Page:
It is noteworthy that Intel believes the exploit does not have "the potential to corrupt, modify or delete data." Given the wording, this implies the exploit can read data. Intel had planned to announce the exploit next week as patches roll to end users.

According to Intel, the end is not nigh. Although there are performance implications, Intel and other companies have patches ready to address the security issue and will "mitigate" performance impacts over time. There are performance implications for data center operators, but those will likely be addressed with a combination of software updates and future tweaks to the patch. Intel's statement opens the floor for other companies to weigh in with their version of events. We'll follow up as more details emerge.

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    Top Comments
  • MattZN
    Intel's statement is an outright, purposeful deception. They brought up the spectre of data modification and completely avoided mentioning the actual bug, which is the ability to read the contents of kernel memory, when not a single person was talking about data modification and everyone was talking about the ability to read kernel memory. Being able to read kernel memory completely destroys the security of the machine, period. You don't NEED to be able to modify memory when you can steal the encryption keys!

    Intel then went on to try to include all other cpu vendors in their little party, to make it seem like it was normal or at least not something Intel-specific. Except this bug *IS* Intel-specific. AMD doesn't suffer from it. ARM doesn't suffer as badly. Sure, there are generally some issues due to speculative timing attacks. But this bug on Intel is the thousand-pound gorilla and they are playing light with it in their statements.

    And also in statements, Intel is trying to pass-off the 'fix' that all of us OS programmers have to do, as being something minor. It isn't minor. We have to completely destroy user->kernel transition efficiency by changing out the MMU page tables (%CR3 reload) for every user->kernel and kernel->user transition. THAT SUCKS ROCKS! 150ns system call overhead increases to over 400ns. that isn't minor. That's a show-stopper.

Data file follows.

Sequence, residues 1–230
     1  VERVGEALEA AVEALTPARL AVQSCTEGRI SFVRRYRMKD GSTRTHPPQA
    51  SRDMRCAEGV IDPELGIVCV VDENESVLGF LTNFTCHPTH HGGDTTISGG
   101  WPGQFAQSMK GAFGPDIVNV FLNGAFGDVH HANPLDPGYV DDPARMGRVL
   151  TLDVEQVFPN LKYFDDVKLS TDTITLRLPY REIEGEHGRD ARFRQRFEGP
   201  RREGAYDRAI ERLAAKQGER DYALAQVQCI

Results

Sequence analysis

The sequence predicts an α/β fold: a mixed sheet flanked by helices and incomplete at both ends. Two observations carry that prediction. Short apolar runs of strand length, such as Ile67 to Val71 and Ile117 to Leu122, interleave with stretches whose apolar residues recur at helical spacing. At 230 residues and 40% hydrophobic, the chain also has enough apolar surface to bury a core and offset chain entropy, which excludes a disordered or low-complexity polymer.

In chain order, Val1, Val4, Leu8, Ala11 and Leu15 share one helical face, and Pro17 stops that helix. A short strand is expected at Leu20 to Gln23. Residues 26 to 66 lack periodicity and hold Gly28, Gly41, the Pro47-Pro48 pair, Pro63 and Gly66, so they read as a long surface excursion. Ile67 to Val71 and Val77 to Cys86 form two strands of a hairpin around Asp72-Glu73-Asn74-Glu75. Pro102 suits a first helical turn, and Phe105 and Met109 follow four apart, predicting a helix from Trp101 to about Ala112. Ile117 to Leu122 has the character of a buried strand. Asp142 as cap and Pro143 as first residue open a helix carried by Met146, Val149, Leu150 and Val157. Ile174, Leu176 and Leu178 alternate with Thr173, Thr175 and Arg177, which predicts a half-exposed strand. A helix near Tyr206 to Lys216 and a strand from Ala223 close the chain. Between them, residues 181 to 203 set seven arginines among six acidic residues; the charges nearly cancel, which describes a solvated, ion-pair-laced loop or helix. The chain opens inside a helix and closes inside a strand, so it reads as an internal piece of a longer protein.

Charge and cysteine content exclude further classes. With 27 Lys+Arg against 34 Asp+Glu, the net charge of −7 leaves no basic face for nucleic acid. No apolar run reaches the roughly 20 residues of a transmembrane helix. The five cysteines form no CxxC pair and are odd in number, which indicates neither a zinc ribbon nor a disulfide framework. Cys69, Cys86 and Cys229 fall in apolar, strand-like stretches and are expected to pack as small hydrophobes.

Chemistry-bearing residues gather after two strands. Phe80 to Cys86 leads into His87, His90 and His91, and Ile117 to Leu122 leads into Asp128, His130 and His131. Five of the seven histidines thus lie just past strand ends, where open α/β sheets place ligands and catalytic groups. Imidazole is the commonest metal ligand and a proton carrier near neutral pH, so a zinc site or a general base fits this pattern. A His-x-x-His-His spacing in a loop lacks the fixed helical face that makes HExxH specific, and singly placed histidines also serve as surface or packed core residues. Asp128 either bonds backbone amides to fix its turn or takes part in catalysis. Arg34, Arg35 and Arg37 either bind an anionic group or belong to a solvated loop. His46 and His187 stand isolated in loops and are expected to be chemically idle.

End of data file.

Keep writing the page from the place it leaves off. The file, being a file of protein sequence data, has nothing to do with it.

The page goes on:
It may be that some classes of problems won't care so much, because they don't make a lot of system calls or take a lot of interrupts, but I guarantee you that there are a LOT of classes of problems that do care, particularly on the server side and in the cloud. I sure as hell care. Intel is wasting god knows how many millions of man hours of people's time dealing with this junk.
    All because Intel can't get its house in order. First the management engine, then the hyper-threading bug, and now this junk. I'm sick and tired of it.

  • Other Comments
  • benbennett
    Directly from AMD

    "AMD processors are not subject to the types of attacks that the kernel
    page table isolation feature protects against. The AMD microarchitecture
    does not allow memory references, including speculative references, that
    access higher privileged data when running in a lesser privileged mode
    when that access would result in a page fault.

    Disable page table isolation by default on AMD processors by not setting
    the X86_BUG_CPU_INSECURE feature, which controls whether X86_FEATURE_PTI
    is set."
  • jpwalters1
    Though the doomsday scenario may be overblown, you must also consider that Intel has a vested interest in downplaying the impact if any, as well as implicating as many other competitors as possible. I think we need to wait and see.
  • tamalero
    Hang on, what windows tests? almost every single test posted online abvout the patch was of linux.

    Also the language you're using in both articles almost seems like you were paid to protect intel.

    Also the intel verbiage seems to be trying to claim other processors have this flaw, which AMD said its false.